The lawsuit alleges Heorld was unable to perform the commands due to the hands-on restraint and body weight of the defendants on his body.
“Roll on your back or I will shoot you in the face,” Christensen said. The officer explains that “this is OC,” meaning oleoresin capsicum, commonly known as pepper spray.
Herold tells the officers, “Go ahead! Shoot! I hope it kills me.” Within seconds, Christensen shoots Herold in the face with the pepper spray gun.
The lawsuit alleges the shot was discharged from an estimated six to 12 inches away from Herold’s eye, calling it an “extreme use of force and a violation of Joey’s rights.” Attorneys allege that the manufacturer’s recommendations are to not discharge the spray closer than four to five feet from an individual.
After the shot is fired, Herold appears to be subdued and blood is seen on the ground.
“This is not what we wanted to happen,” one officer tells him.
Herold explained he has undergone three surgeries due to complications and had to have his eye surgically removed and replaced with a glass eye.
“Christensen used force as a punitive measure to get back at Joey for allegedly not responding to his demands,” the lawsuit states. “St. George City, through the SGPD, failed to train officers in the correct use of force for mentally ill individuals and how to correctly respond to calls for people in a mental crisis.”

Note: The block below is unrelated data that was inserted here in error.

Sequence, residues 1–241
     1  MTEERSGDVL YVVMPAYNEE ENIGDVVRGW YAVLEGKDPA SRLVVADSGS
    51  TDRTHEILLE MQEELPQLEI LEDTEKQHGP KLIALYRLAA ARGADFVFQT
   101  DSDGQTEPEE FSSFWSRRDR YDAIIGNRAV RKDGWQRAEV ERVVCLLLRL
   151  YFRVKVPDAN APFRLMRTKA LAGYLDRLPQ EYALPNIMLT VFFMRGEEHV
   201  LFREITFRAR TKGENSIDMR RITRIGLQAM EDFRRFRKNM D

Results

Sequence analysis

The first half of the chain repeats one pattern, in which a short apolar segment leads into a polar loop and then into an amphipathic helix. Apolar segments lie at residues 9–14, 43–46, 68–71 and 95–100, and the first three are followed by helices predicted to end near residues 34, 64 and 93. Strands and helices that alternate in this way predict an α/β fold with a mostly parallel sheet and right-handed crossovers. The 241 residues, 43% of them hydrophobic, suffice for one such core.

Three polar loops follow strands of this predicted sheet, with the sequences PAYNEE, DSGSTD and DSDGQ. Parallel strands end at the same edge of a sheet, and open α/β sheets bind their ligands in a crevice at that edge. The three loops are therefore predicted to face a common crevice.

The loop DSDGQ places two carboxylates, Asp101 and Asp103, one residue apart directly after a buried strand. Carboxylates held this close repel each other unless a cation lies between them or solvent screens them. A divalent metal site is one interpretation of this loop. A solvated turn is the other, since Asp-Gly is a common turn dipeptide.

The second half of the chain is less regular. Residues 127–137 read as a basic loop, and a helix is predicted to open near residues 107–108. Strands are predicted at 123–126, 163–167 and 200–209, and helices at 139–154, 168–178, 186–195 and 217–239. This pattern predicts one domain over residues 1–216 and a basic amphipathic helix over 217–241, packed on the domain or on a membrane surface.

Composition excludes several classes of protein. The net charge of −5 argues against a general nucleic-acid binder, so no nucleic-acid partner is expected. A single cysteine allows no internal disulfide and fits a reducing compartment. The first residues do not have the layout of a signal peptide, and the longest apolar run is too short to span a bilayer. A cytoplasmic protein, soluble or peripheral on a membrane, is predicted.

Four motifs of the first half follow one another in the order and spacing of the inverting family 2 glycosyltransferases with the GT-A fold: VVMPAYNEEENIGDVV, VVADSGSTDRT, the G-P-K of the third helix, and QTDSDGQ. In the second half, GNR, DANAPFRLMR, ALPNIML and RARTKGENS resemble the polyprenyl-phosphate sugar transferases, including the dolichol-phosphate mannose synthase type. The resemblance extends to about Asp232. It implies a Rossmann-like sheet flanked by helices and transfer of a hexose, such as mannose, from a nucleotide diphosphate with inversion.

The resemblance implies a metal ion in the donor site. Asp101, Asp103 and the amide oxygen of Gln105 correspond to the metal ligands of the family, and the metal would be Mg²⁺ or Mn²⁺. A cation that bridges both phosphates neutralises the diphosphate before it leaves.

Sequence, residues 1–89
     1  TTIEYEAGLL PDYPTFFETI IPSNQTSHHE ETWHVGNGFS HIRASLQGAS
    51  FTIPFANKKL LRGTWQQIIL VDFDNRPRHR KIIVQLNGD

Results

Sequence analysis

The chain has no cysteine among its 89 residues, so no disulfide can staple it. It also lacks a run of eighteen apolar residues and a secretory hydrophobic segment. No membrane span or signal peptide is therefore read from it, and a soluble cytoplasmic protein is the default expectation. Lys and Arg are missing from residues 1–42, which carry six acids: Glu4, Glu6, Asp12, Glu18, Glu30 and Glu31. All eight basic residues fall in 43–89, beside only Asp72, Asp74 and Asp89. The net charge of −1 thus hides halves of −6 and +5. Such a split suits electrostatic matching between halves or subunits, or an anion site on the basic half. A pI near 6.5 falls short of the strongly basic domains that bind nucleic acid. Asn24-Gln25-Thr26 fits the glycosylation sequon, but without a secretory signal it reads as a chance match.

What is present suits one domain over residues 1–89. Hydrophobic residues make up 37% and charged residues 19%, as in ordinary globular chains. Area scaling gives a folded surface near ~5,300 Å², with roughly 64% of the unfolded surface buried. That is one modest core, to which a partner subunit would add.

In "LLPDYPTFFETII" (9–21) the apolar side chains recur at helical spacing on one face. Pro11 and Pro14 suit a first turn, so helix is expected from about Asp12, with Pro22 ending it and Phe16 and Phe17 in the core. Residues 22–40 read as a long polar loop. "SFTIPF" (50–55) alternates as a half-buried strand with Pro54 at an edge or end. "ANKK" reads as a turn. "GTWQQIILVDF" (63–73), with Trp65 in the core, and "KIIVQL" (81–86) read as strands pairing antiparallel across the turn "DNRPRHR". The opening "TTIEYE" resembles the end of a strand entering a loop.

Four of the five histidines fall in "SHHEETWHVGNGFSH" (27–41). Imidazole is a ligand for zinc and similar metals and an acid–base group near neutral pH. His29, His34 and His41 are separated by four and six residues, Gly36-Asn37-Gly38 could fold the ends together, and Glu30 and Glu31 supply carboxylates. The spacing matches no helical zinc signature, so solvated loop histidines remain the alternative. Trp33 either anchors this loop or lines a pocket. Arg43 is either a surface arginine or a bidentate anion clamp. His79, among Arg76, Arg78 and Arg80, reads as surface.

Court records show that Herold was charged in Washington County with criminal mischief and interfering with a police officer one day after the incident, but the charges were dismissed.
Skyes said that he sent a notice of claim to St. George in March that Herold would be filing a lawsuit.
“Just one day after receiving the above-referenced notice of claim, defendants caused prosecutors in the Fifth District Court to charge Joey with five different criminal misdemeanor counts,” the lawsuit alleges, adding that the charges “were clearly in retaliation.”
Herold was since charged with three counts of assault against a police officer, one count of interference with an arresting officer, and criminal mischief.
“After this incident, I felt like I was living in a nightmare, like a skipping record,” Herold told ABC4 News. “Short and sweet, I was in hell for the past couple of years. That night was hell for me.”
Herold said he believes the officers had no right to detain him because he showed he was unarmed and was not aggressive.
“I did see the round because it was close enough to my eye,” Herold said. “The last color I saw out of my eye was a maroon color pepper ball, JPX round, and with me being able to see that round down the barrel, it’s not good.”
Cheryl told ABC4 News there are “no words to describe” the frustration and pain she felt when the officers told her to “go back inside” during the incident in the garage. She said that for the first time in her life, she questioned the actions of the police.
“Are they there to protect? There are police that are good, but now I don’t know anymore. I felt very frustrated because mental health did not come,” Cheryl said. “I was not afraid of my son. I tried to explain to them, and they just did not listen.”
The St. George Police Department directed all media inquires to the city. City spokesman David Cordero said the city had not been served with the lawsuit as of late Monday afternoon, declining to comment.